One veteran's story at Daniels
Adam Cholewin worked in medical device sales before joining the U.S. Army. He served in the Green Berets and in Special Forces. Following his service to the army, he returned to his roots in the medical field as vice president of sales at AlloSource, but knew he’d want to take advantage of his GI bill and get a master’s degree. While his company would contribute to his graduate degree, the Yellow Ribbon program leveled the playing field.
“That made it completely on par with any other program I was looking at, from a financial standpoint,” Cholewin said. “It enabled me to focus on quality of education and Daniels immediately set itself apart.”
Full or part-time MBA
The Daniels College of Business offers four MBA programs for part-time or full-time learners, online or on campus. One of the MBAs, our Executive MBA, is designed for those with 10+ years of experience, making it a favorite among military and veteran candidates.
“Often, we hear that veterans are reluctant to consider an Executive MBA program because they assume that their work and management experience needs to fall into a corporate, or civilian capacity,” said Lisa Grassfield, executive director of Enrollment and Student Engagement for the Executive and Professional MBA Programs. “Believe me, the leadership experience our military servicemen and women have gotten in the field makes them great candidates for an EMBA program.”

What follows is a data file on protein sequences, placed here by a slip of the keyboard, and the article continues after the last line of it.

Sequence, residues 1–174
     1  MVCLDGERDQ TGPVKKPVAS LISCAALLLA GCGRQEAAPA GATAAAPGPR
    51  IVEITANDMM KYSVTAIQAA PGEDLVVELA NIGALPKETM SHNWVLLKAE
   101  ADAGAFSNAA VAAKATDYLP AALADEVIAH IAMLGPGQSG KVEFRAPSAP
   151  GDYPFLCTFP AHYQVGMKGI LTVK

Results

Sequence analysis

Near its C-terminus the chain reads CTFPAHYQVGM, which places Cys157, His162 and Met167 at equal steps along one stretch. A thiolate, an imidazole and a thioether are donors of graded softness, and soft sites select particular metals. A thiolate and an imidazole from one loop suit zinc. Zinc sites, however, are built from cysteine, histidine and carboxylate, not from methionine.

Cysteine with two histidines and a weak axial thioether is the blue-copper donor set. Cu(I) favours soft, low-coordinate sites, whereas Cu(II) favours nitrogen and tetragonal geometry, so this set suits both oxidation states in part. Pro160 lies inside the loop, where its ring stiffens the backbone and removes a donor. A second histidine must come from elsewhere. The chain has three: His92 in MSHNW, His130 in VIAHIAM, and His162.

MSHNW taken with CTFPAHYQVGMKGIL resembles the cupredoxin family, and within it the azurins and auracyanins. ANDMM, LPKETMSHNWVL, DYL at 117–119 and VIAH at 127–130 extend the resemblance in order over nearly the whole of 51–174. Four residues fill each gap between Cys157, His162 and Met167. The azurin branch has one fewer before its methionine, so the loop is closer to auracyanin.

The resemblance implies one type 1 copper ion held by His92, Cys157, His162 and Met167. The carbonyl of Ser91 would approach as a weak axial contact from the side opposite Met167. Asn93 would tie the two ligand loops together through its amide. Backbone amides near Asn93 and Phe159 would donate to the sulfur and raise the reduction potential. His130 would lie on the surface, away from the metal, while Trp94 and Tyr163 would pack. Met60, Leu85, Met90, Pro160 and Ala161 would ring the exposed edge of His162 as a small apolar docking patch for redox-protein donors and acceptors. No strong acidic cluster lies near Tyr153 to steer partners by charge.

Cholewin agrees, explaining that the skills that are exhibited by military personnel on a daily basis directly translate to those needed and sought after in the civilian world. Cholewin expects to graduate in the summer of 2021, yet he can already see his EMBA experience adding value.
“Even though I already had strong communication skills with others from the military, the EMBA has really paid dividends to utilize some of the skills I learned during the leadership portion of the program,” he said. “I also manage the marketing arm for two of our key growth products and I’ve been able to build relationships with key stakeholders on that side of the organization.”
Practical instruction, personalized attention
All programs at Daniels combine the study of business fundamentals with hands-on experience via simulations, practicum projects and interaction with local, regional and global business leaders. Plus, students will experience personalized attention, small cohorts of other students and access to an alumni network that’s 37,000 strong and growing. To learn more about the MBA programs, visit: daniels.du.edu/military.
Daniels also offers veterans support outside the classroom. Daniels Career Services offers help to all students with job placement, resume writing, interview coaching and more. DU’s Veteran’s Services helps with on-campus and off-campus resources for veterans and their families, including student engagement assistance.
The DU campus is located in Denver, Colorado – a hub for startups, corporations and nonprofits to launch a career upon graduation.